The UK market is not fully considering the impact of a potential Brexit as we move closer to the European independence referendum, says JP Morgan’s David Stubbs.
Despite the overall belief that the UK will most likely stay within the European Union, the market is not pricing in the consequences of a possible exit, says Stubbs, global market strategist for JP Morgan Asset Management.
He says: “I don’t think the market is pricing in the fact that we might leave. Market consequences could be significant.”
The EU referendum is set to be held by the end of 2017 and the vote was put in law by the EU Referendum Bill earlier this year.
However, there have been suggestions that it could happen in May 2016, to coincide with elections in Scotland, Wales, Northern Ireland and London.
Stubbs says “we will see market movements” a month before the referendum and the possible derating of the UK equity market.
“A Brexit is a real prospect and it is an issue for the UK. This country is going to have a hell of a fight; we don’t know how it is going to be,” he says.
As with the Scottish referendum held one year ago, when sterling lost 6 per cent, Stubbs warns the British currency might again suffer from the political uncertainties surrounding a possible Brexit.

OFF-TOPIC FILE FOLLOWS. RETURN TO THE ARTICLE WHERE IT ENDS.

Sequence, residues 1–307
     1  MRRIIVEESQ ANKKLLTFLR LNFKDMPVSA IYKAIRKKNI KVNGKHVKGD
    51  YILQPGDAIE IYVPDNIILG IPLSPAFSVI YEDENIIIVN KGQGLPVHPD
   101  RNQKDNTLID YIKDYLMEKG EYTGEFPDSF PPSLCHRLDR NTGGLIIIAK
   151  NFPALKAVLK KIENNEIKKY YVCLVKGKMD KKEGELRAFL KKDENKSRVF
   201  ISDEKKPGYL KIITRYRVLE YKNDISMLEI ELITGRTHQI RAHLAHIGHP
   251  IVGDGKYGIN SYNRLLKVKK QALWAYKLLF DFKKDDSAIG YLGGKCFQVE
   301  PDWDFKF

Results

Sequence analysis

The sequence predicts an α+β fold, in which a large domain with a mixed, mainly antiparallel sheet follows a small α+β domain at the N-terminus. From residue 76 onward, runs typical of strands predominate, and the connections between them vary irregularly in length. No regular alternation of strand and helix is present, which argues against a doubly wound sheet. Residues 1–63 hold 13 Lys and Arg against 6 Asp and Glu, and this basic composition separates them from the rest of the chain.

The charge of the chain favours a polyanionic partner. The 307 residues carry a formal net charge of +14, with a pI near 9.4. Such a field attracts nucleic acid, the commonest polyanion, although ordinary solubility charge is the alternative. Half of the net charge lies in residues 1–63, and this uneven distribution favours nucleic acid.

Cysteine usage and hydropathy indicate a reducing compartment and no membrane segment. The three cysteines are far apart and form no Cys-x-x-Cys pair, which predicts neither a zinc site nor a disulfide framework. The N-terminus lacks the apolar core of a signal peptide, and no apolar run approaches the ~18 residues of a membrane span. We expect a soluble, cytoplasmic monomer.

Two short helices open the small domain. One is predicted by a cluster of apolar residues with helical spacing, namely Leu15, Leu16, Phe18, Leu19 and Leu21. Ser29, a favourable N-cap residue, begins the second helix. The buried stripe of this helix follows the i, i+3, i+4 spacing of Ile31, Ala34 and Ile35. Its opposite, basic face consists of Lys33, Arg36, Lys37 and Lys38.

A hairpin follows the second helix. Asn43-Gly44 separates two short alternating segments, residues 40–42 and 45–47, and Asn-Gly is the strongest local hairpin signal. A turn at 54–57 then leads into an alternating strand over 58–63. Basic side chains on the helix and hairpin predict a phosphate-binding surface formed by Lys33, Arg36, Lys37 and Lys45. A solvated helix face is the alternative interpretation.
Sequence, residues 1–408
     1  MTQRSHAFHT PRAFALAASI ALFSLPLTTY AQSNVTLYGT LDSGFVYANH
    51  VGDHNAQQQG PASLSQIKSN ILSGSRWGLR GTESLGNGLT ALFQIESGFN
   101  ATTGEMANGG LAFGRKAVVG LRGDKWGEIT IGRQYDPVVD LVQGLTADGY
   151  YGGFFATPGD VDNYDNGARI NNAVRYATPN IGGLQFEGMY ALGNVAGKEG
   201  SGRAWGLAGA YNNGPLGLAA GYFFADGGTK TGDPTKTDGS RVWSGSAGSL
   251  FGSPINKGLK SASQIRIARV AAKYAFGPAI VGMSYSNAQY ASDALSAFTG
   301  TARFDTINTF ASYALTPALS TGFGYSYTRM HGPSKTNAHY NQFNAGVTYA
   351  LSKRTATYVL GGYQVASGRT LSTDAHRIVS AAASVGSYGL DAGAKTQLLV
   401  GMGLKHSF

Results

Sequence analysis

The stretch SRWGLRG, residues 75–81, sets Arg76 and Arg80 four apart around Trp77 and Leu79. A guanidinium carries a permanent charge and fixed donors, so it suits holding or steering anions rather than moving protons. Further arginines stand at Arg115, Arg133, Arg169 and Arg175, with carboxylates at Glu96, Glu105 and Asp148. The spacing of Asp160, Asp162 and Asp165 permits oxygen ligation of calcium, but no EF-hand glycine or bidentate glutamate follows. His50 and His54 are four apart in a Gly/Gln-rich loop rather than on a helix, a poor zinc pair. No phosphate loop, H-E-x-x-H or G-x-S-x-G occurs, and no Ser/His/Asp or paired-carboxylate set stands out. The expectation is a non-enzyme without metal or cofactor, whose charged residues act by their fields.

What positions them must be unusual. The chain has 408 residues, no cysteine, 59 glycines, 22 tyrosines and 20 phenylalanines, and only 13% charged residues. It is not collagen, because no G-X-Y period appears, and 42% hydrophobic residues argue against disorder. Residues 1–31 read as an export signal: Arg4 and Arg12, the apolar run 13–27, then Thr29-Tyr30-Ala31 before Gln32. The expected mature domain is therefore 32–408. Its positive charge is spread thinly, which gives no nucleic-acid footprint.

JP Morgan, whose overall view is on the UK to stay within the EU, is not the only asset manager who is concerned about the sentiment surrounding the EU referendum.
Fidelity Worldwide Investment global economist Anna Stupnytska says the potential for a Brexit referendum to be held in 2016 instead of 2017 will “become an increasing source of uncertainty”, and will raise “UK vulnerabilities” in light of the wide current account deficit.
The UK current account deficit narrowed to £26.55bn in the first three months of the 2015 compared to the fourth quarter of 2014, but remains higher than expected.
The UK current account deficit was down from an upwardly revised £28.9bn in the final three months of 2014, but it still represents the equivalent of 5.8 per cent of the UK GDP, according to the Official of National Statistics.
Also, earlier this week, UK inflation slipped into negative territory again in September dropping to -0.1 per cent, suggesting the path for growth and the UK rates hike will remains uncertain.